Although the OCR recognition was surprisingly accurate, there is one area where Tesseract has major trouble: italics.  If you notice any italics, be sure to go fix it manually.  It will be obvious in the text, because it will be a jumble of nonsense!

Anyway,

After checking the text over, I click the Save icon and save as HTML.  That’s it!  Done.

Assuming you don’t have any italics, this step is amazingly simple and goes quickly!

I will show you what the resulting text looks like in the next post…

Actual OCR Workflow!!

Okay, I have been messing around with dozens of workflow options, and I have finally settled on one version.  It is not necessarily the most efficient, but I found it has the best balance between accuracy and automation.  The basic steps are:

  • preprocess image files with ScanTailor,
  • OCR with YAGF and export as HTML,
  • edit HTML with BlueFish,
  • create ebook from HTML with Sigil.

You might say, “gosh that’s unnecessarily ugly!”

And you are partially right.  Each of these applications has overlapping features that can do more than what I am using them for, but I found each has specific limitations and strengths.  I am only using the features that the application is good at!

For example, the way I am using YAGF is very simple and automated.  I could in fact use YAGF for preprocessing the images and selection of the text areas for recognition, thus avoiding ScanTailor.  However, YAGF’s image processing is not as good and the interface is too cumbersome for these tasks.  It is much more efficient to use ScanTailor and feed YAGF preprocessed images that require no further user input.  But you say, then why not replace YAGF with command line use of Tesseract, automated with a Windows batch file or Linux shell script?  Simply because YAGF automatically combines multiple pages into a single HTML file, rather than one file for each page generated by the command line.  Thus, it saves me one transformation step (combining the HTML files and removing the extra headers), plus gives me some simple visual feedback to catch any major recognition errors.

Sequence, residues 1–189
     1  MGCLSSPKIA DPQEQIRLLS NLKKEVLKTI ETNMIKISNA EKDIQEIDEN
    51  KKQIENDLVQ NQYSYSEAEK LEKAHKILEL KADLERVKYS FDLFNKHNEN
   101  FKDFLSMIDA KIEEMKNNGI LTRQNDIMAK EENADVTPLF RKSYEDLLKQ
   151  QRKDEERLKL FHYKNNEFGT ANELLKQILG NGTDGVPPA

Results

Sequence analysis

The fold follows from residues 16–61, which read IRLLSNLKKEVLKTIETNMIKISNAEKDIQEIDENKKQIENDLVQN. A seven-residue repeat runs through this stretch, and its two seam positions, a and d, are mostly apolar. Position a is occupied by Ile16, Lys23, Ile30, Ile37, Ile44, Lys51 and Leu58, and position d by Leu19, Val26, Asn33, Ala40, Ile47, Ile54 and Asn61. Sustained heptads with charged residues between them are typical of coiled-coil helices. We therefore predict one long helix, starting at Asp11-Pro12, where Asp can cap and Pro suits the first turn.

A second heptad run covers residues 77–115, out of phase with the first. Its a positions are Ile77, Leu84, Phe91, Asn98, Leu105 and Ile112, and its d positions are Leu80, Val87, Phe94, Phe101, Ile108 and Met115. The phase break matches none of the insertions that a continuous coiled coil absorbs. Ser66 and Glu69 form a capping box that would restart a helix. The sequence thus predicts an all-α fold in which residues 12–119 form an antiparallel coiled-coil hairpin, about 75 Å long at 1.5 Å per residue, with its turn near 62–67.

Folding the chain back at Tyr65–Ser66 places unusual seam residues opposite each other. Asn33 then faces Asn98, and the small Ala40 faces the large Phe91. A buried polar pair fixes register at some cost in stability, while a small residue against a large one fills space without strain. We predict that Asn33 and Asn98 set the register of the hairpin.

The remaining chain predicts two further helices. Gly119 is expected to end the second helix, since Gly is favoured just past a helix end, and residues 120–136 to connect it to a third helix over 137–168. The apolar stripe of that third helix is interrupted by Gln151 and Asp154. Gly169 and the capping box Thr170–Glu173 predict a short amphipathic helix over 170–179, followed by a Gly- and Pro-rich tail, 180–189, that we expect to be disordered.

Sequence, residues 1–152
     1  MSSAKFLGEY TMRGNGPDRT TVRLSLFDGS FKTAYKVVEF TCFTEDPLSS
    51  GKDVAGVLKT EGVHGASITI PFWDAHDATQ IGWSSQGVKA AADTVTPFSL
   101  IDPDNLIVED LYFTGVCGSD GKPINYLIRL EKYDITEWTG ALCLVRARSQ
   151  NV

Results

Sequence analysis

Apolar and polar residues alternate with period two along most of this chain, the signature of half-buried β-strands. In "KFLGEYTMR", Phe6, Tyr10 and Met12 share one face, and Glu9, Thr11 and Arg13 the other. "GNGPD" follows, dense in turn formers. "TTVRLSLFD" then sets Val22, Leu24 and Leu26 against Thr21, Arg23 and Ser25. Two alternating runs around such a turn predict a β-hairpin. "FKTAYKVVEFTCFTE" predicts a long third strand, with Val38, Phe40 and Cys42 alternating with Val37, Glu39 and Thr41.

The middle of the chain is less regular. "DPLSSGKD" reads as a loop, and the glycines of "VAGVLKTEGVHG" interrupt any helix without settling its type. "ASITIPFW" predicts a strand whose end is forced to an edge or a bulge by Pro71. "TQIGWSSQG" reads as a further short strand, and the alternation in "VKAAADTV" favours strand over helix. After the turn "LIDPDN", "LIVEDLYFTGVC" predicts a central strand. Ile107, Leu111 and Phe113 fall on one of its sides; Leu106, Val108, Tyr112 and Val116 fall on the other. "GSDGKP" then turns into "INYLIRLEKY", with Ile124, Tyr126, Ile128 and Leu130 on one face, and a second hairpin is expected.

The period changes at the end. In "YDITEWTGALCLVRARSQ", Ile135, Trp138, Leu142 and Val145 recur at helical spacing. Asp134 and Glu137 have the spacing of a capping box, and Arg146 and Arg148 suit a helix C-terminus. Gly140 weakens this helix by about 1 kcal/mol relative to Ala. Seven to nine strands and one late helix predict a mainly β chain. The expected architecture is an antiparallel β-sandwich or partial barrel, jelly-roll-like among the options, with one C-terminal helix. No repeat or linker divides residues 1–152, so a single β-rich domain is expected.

Further more, you may ask why export the OCR as HTML when all you want is the text?  Ah, well that is the clever bit, sort of… The hocr output is intended for creating searchable PDFs using utilities that combine the text tagged with layout position and the page images (for example, check out hocr2pdf available with the Exactimage utilities on Linux).  I don’t in fact need any of the tags.  However, they make it much easier to reformat the text into the form I want because I can easily find the line, paragraph, and page breaks.  The plain text doesn’t have enough information to consistently transform, its hard to tell the difference between a page break, paragraph break, or random spacing error.  Thus, the HTML gives me more than I need, but it is easy to strip it down to what I want.  The plain text doesn’t give me enough, and its impossible to built it up except by tedious manual labor.

So there you go.  Four more steps, four tools.  I will explain it all soon!